Sunday, July 02, 2006

Poetry by Committee?

Suzanne Frischkorn’s latest post: “Who Do You Share Your Poems With?”, is an intriguing one. It forced me to answer a question that exploded (or perhaps imploded) into many other concerns with regards to poetics & my poetry. I found the responses to the question posed by Suzanne at least as interesting as the original one.

What is implicit in the query is the importance of the process of revision that every poet must face when considering an early draft of a poem or one that is in the “not just there yet” category. The question here is: Is feedback a necessary evil (or an evil at all for that matter)? Some of the poets that responded to the question believe that a reader’s reaction to their work is beneficial while others would rather figure it out themselves trying to exclude the possibility that their poetry be tinged (tainted?) by an outside source.

Is a poem that we receive feedback to - no longer “our” poem? Do we sacrifice originality, perhaps even our voice & style - when we open the door to outside critique? What role, if any, should critique of our poetry play in the creative process? Or is critique “anti-creative” leading to a “poetry by committee” paradigm? These concerns all crossed my mind during my scrutiny of the issue.

Yet poets have been critiquing each other’s work for centuries. Surely, this poetic tradition cannot be valueless. I hope to come back to this & post a further analysis.

10 comments:

twitches said...

I don't just write poetry for myself; I write to share with others at some point. Therefore, I find feedback valuable. However, I'm always free to either accept or disregard any comments I receive. It's a balancing act, but I think it's a necessary one.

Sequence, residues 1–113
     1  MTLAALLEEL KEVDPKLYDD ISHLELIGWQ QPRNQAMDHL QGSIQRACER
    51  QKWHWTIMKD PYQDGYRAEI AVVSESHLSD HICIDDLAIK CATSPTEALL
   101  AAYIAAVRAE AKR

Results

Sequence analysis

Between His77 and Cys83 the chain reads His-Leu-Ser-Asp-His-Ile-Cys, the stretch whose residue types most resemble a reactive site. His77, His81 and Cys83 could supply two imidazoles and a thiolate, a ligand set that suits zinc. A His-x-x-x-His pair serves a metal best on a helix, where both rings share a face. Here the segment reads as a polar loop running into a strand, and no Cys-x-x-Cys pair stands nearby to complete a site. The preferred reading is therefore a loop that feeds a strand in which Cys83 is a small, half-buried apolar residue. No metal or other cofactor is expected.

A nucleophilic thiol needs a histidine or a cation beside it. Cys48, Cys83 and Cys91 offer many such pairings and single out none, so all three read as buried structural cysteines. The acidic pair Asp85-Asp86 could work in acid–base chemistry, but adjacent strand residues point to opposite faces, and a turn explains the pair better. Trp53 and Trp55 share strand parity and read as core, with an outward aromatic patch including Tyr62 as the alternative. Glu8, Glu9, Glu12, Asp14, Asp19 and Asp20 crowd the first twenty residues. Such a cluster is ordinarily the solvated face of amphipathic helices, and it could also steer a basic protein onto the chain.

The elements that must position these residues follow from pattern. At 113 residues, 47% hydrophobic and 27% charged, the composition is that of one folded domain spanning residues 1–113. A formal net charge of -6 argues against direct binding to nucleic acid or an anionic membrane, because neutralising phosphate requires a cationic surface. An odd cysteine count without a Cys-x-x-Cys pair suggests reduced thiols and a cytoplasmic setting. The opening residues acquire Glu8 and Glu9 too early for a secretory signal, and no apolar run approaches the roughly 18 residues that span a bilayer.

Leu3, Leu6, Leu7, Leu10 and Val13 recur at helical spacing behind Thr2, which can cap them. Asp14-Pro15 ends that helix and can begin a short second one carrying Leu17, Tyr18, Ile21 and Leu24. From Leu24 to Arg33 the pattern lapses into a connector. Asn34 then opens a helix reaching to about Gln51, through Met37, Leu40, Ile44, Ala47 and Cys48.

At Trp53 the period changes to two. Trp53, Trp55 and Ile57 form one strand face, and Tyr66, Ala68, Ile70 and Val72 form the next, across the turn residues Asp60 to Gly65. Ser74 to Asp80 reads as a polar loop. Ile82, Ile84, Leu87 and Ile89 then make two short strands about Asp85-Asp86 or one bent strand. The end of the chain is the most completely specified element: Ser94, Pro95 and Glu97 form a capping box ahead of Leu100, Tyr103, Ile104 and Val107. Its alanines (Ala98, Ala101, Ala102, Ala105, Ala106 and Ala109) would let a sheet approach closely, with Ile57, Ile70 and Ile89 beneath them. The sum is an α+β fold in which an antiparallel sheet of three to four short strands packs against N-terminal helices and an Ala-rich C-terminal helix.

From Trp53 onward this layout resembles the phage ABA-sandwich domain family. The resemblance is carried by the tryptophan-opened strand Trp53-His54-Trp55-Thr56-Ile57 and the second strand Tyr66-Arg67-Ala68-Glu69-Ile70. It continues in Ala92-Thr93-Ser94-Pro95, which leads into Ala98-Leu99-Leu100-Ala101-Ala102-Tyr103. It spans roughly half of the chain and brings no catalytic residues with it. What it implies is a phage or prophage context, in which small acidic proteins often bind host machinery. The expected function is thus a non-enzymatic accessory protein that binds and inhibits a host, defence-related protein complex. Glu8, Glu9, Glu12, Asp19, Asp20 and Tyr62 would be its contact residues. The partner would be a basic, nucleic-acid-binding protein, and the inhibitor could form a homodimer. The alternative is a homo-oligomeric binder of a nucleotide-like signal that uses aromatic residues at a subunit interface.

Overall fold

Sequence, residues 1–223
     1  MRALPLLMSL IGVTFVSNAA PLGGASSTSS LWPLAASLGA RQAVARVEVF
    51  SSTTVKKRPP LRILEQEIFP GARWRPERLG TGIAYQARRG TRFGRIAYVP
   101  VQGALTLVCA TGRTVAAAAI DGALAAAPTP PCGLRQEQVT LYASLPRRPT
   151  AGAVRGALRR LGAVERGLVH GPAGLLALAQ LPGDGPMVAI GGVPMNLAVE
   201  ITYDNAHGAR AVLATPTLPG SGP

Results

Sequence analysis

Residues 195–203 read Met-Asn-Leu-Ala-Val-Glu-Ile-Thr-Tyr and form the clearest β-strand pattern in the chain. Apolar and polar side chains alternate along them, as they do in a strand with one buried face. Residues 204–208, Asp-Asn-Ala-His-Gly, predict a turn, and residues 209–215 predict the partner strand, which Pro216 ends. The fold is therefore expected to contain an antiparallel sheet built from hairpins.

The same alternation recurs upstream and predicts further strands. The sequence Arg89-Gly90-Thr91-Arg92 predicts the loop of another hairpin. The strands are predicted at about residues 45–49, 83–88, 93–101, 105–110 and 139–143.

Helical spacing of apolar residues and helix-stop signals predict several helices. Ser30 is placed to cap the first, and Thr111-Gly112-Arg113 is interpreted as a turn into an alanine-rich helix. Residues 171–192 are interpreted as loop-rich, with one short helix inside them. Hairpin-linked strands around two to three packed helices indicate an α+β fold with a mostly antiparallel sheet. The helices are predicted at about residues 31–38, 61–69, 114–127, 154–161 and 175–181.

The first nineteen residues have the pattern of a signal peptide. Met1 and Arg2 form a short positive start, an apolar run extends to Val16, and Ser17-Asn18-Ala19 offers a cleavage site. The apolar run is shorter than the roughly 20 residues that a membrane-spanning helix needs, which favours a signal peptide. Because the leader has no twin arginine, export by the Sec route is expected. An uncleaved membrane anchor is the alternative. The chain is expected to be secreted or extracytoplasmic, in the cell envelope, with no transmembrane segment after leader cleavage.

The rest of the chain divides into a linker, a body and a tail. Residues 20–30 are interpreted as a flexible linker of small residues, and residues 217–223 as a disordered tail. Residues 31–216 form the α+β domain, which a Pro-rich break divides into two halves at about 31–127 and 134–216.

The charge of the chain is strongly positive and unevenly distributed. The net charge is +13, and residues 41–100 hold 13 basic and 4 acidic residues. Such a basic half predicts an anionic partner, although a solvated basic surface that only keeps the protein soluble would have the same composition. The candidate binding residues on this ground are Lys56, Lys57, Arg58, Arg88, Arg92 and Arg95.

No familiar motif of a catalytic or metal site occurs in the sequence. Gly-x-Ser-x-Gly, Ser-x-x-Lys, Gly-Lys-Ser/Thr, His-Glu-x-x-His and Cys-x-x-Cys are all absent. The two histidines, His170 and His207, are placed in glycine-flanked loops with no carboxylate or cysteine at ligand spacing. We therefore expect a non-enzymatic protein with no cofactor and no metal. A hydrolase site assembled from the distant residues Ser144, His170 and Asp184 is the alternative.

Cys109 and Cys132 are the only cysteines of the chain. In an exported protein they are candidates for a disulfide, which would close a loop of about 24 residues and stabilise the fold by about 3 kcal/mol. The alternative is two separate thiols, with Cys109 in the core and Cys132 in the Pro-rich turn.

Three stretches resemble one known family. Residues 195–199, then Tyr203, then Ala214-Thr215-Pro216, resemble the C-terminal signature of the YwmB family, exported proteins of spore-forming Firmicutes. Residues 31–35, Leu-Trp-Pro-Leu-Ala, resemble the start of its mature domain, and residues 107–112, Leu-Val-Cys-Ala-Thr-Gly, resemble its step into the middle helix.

Nick said...

I am of the same mind - re: critique, but it doesn't appear to me that poets per se are all on the same page when it comes to criticism of their work. Thanks, I appreciate your response.

shann said...

I always pay attention to what someone says- even if it causes me to change nothing in the poem. It may make me aware of something in the next poem I write.

Or they may just be full of sh*t.

Nick said...

Yup, I had quite a *few* of those critics too! Flush the toilet & pass the toilet paper!

Travis Jay Morgan said...

I'm open to any critisism. It's up to me to determine which critiques I feel are valuable to me and will help me improve on my poetic adventure. Even those critiques where the critic totally misinterprets the poem can be valuable to me. If the poet can't handle critisism/perspectives of their poems then they shouldn't allow people to comment on them. A poet must determine why he or she writes poems and whom he or she is writing them for. Poets worried about being polluted from others critisism, give me a break. The fact that we allow critisism to bother us reflects our already polluted discriminative minds.

Nick said...

If the poet can't handle critisism/perspectives of their poems then they shouldn't allow people to comment on them.

Therein lies the rub! Thanks for reading and commenting.

Billy Jones said...

The only changes I make are correcting errors (spilling, punuctation, grandmer, etc.) my poems stand as they are written. That said: I try and carry what others tell me to future poems rather than doing rewrites.

I still stand by my sitemeter as the best judge of how good a poem is.

Nick said...

Still, if enough readers (that I trust) "just don't get" a poem that I'm workshopping I'll take a good hard look at it. Thanks for your take on this.

Collin said...

The best advice I was ever given was when someone critiques your work listen with one ear open and one ear closed.

Nick said...

Sound advice (excuse the pun)!